Requirements presentation

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  • 1. Requirements Analysis
  • 2. 2RequirementRequirement – specified functional or physical need that aparticular software must perform.SoftwareRequirementsClient ‘sIdeaClient’sBusiness NeedsRequirements origin
  • 3. 3Types of requirementsFunctional requirements explain what should be done. identify tasks or activities that must be met define the steps that the system must be capable ofperforming, communications input/output behavior of thesystem.Example Req01: there should be a possibility to associate the .pdf,.docx, .xlsx files up to 35 KB in size with an exam record.There should be not more than 5 files associated with 1exam record.
  • 4. 4Types of requirementsNon-functional requirements define the criteria of the system as awhole rather than individual behavior scenarios. Physical environment (equipment, multiple sites, etc.) User & human factors (who are the users, their skill level etc.) Performance (how effectively is software functioning) Documentation (what kind of documentation need to be createdfor end users) Security (backup, firewall) Others (UI and technical design, architectural constrains, etc )Example Req02: with 100 concurrent users file upload time should be lessthan 1 sec for any of the .pdf, .docx, .xlsx files up to 35 KB in size.
  • 5. 5Usually software requirements are presented to theproject team in the following views:SRS (Software Requirements Specification)a document that lists all requirements to asoftware, grouped by type into logical sectionsProduct Backloga list of requirements (called User Stories) that ismaintained for a product developed using the AgileSDLC (Scrum) methodologyRequirements view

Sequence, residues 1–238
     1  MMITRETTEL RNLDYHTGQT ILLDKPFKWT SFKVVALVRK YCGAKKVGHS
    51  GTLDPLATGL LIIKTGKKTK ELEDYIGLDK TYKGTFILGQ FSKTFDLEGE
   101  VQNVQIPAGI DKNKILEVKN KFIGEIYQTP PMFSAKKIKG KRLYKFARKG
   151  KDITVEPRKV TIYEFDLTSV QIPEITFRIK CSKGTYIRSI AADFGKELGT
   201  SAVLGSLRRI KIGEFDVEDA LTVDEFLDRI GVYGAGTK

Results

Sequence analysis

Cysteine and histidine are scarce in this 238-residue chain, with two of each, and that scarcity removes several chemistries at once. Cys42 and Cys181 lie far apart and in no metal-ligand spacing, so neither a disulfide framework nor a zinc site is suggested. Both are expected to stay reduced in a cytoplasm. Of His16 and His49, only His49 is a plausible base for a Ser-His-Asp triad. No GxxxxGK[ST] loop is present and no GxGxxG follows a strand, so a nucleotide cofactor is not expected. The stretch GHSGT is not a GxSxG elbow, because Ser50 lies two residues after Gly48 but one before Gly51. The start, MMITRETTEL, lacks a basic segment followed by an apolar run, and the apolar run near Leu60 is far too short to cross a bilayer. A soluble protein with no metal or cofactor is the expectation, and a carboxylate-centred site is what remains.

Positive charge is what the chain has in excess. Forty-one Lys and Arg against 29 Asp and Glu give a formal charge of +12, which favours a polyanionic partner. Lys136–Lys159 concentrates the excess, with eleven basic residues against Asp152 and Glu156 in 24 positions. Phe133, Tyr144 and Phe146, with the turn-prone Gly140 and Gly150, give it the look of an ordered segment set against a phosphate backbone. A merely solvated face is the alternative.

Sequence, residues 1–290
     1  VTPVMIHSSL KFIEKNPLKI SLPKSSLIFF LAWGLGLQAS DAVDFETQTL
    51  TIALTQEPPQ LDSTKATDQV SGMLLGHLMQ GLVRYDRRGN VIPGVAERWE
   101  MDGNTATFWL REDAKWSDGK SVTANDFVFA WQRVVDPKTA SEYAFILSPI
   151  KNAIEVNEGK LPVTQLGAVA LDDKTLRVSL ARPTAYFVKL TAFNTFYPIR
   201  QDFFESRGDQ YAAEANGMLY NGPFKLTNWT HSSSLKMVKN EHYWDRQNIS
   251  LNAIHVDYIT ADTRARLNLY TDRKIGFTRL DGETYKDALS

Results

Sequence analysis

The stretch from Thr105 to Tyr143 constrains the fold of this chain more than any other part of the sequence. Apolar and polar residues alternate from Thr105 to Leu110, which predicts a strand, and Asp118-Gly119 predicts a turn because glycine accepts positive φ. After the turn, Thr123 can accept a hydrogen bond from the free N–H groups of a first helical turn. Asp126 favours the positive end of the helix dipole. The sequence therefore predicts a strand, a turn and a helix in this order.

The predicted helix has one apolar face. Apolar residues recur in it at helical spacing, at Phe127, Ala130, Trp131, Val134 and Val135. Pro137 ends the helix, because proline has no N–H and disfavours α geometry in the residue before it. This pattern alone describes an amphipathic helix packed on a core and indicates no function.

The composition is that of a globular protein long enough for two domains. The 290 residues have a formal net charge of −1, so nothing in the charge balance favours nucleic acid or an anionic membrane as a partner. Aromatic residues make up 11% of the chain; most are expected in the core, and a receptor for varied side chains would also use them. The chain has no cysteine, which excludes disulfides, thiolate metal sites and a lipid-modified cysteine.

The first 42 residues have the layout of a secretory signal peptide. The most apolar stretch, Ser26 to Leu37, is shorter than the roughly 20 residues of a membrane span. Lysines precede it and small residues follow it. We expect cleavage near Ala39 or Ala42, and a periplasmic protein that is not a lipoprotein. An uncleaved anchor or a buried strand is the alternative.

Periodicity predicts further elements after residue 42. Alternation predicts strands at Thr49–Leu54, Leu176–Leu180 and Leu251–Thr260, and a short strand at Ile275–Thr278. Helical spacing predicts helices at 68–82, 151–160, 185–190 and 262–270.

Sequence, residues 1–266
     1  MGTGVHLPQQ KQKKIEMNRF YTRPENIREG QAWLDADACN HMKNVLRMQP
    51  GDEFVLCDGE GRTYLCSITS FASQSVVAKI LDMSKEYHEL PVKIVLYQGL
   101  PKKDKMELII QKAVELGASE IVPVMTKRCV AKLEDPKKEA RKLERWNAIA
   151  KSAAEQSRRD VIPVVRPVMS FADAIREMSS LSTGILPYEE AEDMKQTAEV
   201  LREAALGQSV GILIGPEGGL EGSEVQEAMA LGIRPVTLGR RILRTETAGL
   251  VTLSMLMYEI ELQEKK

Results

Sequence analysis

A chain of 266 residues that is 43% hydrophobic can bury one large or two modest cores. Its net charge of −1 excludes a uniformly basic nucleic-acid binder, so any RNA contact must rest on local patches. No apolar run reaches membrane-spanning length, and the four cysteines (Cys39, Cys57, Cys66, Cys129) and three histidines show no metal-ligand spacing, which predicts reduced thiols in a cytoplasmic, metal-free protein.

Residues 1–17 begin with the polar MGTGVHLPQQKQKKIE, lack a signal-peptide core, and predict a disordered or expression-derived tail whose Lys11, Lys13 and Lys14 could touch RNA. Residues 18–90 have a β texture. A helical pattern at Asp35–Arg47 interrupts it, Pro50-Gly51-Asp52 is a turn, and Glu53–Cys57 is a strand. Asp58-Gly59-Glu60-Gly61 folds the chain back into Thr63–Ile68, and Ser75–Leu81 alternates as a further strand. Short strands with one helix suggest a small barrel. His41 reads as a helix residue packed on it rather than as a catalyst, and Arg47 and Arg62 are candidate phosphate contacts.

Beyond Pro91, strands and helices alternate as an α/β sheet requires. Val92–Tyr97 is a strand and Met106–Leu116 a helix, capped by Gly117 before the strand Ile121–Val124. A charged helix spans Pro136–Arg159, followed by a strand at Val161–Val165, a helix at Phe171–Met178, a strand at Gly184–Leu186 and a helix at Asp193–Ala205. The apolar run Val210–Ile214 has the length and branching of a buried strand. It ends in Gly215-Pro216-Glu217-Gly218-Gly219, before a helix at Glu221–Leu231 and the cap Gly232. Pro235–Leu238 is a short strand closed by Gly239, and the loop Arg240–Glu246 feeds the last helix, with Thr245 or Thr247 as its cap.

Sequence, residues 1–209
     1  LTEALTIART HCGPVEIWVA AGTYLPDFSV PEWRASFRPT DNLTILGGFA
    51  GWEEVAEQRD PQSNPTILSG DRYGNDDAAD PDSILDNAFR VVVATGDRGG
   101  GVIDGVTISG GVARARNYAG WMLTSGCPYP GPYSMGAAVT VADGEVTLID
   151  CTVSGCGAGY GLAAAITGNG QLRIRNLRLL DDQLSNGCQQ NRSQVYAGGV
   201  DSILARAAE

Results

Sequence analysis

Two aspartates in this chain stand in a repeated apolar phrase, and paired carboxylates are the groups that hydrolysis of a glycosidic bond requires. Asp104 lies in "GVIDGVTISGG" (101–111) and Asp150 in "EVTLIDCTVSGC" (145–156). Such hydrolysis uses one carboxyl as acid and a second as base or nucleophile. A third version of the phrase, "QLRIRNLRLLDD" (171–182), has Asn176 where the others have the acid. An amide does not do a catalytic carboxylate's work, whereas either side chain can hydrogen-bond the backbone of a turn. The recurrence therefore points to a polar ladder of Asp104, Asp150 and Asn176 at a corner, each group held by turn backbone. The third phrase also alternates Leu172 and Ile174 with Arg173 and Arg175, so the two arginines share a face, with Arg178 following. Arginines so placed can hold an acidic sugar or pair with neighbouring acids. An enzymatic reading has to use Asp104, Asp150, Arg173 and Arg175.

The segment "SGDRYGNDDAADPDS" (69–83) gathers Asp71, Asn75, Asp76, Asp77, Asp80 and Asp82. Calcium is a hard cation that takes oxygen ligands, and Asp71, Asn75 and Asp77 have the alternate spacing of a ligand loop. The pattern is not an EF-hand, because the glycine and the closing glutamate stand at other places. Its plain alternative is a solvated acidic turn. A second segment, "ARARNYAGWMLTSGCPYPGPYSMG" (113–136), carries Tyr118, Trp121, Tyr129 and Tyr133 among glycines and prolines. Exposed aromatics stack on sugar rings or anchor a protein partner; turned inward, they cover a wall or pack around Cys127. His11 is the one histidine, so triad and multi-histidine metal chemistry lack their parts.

• 6. 6Software Requirements SpecificationSoftware RequirementsSpecification consistsof following sections:IntroductionOverall descriptionSpecific requirementsSupporting information
  • 7. 7Product BacklogThe entry of a Product Backlog is a UserStory.Format:Example:A User Story is one or more sentences statedin the everyday language of the end user thatcaptures what a user does or needs to do aspart of his or her job function.
  • 8. 8Use CaseTo describe complex functional requirements(often grouped into scenarios of softwareusage), Use Cases are used instead of plaintext.Use Cases might be represented in two majorforms:DiagramStructural textual descriptionA Use Case is a list of steps, typically defininginteractions between a role (known in UML as an"actor") and a system, to achieve a goal. The actorcan be a human or an external system.
  • 9. 9Use Case Diagram
  • 10. 10Use Case as Structural Text Use Case’s structure Title: "goal the use case is trying to satisfy" Main Success Scenario: numbered list of stepsStep: "a simple statement of the interaction betweenthe actor and a system Extensions: separately numbered lists, one per ExtensionExtension: "a condition that results in differentinteractions from .. the main success scenario". Anextension from main step 3 is numbered 3a, etc. Use Case’s structure might be tailored to projects need
  • 11. 11Good requirement A requirement is considered as Good One if it possessesfollowing qualities: Necessary Complete Verifiable Unambiguous Consistent Example: Req03: when a user accesses any screen, it must appearon the monitor within 1 second.
  • 12. 12Thank You!